Version 10.0 of Fannie Mae’s Desktop Underwriter (DU), with support for trended credit data, is now out of its wrapper.
The inclusion of support for trended credit data means lenders can now use a borrower’s payment history for other consumer credit products – such as credit cards – to determine his or her creditworthiness for mortgage loans. This will be particularly helpful to those lenders wishing to target self-employed or seasonal workers, who often lack the needed documentation to get approved for a mortgage.
Fannie Mae’s use of trended credit data will be the first widespread use in the mortgage industry, the firm says in a release.
“Desktop Underwriter transformed the industry when it was introduced over 20 years ago,” said Marianne Sullivan, senior vice president of single-family business capabilities for Fannie Mae, in a release. “Today’s DU 10.0 enhancements highlight the continued investments and improvements we’re making in our technology to be better partners for our customers and to provide access to mortgage credit for creditworthy borrowers. We continue to listen to our customers and make improvements to DU that take into account how our lenders tell us they want to work and to help them better serve today’s market.”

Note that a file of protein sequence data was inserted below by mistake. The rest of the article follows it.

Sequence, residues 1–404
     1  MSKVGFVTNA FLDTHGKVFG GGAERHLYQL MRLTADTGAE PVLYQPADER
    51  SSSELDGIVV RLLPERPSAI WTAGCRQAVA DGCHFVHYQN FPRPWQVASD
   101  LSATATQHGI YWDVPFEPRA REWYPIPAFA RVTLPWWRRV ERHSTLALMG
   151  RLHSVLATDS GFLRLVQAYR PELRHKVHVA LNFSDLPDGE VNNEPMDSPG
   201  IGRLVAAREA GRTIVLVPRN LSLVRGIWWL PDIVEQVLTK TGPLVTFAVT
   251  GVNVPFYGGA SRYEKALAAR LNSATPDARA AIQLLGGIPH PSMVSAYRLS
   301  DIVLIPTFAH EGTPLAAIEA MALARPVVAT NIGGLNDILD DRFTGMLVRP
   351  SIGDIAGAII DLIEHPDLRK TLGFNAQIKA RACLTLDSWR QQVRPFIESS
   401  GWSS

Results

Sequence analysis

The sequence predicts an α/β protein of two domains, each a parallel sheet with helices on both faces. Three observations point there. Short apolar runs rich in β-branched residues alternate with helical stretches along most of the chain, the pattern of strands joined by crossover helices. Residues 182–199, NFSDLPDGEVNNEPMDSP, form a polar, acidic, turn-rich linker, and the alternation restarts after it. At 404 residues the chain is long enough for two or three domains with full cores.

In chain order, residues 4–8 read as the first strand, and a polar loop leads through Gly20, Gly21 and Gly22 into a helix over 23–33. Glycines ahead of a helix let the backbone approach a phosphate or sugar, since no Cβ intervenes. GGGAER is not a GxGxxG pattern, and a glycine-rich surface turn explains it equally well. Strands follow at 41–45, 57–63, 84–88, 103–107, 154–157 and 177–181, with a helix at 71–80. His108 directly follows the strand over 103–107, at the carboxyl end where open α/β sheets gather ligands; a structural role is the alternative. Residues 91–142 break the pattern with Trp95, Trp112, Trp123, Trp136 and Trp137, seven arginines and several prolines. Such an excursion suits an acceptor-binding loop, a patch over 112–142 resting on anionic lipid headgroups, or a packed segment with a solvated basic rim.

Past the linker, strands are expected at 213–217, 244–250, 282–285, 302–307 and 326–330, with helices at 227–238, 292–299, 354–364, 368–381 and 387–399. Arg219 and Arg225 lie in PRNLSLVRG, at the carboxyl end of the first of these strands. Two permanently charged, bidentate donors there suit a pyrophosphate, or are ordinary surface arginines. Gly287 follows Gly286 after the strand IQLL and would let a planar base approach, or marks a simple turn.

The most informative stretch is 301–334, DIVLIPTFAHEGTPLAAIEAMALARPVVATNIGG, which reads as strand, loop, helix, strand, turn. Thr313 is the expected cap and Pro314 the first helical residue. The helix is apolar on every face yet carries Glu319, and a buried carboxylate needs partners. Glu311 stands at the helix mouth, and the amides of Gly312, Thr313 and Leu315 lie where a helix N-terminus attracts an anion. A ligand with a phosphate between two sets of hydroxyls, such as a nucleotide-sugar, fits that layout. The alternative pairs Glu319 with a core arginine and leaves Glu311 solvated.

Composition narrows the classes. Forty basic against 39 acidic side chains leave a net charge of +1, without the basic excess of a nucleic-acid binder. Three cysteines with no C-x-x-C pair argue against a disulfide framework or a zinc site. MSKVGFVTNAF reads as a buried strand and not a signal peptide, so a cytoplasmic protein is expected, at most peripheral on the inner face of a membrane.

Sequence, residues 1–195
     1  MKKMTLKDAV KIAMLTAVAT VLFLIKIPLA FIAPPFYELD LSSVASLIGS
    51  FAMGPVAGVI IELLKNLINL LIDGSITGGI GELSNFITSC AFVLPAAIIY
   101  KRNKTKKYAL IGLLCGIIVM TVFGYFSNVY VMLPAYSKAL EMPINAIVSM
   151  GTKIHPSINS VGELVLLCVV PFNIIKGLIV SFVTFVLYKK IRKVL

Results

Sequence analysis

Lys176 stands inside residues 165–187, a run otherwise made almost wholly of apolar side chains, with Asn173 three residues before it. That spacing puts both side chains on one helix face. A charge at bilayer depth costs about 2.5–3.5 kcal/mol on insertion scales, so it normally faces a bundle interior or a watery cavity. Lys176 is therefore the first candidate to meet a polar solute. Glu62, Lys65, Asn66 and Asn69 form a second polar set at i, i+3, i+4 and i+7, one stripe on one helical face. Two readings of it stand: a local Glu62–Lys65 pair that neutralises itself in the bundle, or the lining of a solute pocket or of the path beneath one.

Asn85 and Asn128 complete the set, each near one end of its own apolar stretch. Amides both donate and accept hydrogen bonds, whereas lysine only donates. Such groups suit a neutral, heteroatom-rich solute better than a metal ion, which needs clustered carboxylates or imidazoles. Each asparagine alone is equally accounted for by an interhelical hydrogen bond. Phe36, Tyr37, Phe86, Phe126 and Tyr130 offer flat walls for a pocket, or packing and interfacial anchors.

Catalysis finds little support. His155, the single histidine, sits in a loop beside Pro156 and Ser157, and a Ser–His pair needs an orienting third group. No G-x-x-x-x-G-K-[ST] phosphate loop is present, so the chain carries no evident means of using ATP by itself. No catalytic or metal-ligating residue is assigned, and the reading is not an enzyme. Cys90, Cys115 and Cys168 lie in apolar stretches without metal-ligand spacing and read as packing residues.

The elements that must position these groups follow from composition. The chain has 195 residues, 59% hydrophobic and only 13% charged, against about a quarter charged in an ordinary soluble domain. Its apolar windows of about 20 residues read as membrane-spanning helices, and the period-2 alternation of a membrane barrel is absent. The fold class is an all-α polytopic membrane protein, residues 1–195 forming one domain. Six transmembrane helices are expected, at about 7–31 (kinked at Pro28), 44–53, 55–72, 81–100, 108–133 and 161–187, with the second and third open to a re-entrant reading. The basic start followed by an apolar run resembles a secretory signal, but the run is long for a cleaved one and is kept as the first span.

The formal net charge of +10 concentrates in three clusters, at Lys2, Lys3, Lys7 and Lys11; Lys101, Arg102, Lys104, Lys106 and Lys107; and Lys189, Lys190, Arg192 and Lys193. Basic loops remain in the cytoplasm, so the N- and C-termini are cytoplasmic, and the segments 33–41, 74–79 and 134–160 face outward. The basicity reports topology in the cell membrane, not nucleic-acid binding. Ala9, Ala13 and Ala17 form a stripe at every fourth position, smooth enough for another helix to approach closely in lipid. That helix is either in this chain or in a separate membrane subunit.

New capabilities in version 10.0 will allow mortgage lenders to consider the monthly payment amounts that a consumer has made on revolving accounts, such as credit cards, over the previous two years.
In addition, it will give lenders more insight into how a borrower tends to pay off his or her revolving credit lines each month, providing a more comprehensive risk assessment.
Importantly, these changes will allow lenders to go after the “underserved” market – but do it in an efficient way, as all of this fancy detailed underwriting can be automated.
As built, the system requires verification of at least two non-traditional credit sources, one of which must be housing-related.
DU 10.0 also includes automated underwriting for borrowers with multiple financed properties. It provides lenders with a simplified multiple financed properties policy.
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